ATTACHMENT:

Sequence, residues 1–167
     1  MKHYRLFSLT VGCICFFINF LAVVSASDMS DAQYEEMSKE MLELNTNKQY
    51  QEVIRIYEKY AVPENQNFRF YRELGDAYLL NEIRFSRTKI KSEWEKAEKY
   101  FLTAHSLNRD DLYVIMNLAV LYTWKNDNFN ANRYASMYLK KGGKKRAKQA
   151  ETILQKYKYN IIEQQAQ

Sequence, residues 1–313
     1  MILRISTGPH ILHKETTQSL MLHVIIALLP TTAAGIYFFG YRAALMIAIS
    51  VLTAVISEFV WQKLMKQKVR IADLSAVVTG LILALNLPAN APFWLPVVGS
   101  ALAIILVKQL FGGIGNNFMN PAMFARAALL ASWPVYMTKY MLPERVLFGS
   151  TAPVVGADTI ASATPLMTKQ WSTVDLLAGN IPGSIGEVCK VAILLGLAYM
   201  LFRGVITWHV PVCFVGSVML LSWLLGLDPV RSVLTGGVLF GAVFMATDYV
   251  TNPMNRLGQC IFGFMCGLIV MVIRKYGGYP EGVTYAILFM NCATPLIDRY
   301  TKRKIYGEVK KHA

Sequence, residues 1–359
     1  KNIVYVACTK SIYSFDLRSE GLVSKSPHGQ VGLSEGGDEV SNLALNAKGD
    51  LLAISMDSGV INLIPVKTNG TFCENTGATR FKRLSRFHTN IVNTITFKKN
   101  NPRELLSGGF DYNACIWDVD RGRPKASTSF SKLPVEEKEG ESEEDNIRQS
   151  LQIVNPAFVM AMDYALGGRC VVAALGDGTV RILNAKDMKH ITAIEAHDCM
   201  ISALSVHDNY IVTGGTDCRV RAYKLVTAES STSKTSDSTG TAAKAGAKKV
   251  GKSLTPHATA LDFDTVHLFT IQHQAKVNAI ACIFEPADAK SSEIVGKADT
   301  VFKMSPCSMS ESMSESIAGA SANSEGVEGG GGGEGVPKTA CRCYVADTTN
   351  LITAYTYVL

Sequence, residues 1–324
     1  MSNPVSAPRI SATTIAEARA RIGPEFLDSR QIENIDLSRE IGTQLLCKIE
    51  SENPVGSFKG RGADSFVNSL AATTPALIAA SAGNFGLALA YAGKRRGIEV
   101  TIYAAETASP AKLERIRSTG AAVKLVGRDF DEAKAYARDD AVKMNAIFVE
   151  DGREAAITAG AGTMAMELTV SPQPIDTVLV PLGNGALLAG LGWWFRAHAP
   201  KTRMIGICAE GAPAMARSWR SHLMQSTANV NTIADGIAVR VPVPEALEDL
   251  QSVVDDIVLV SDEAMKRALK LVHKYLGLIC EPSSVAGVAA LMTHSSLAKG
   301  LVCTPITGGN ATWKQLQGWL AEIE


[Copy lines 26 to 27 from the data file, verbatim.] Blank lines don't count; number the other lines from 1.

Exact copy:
   101  TIYAAETASP AKLERIRSTG AAVKLVGRDF DEAKAYARDD AVKMNAIFVE
   151  DGREAAITAG AGTMAMELTV SPQPIDTVLV PLGNGALLAG LGWWFRAHAP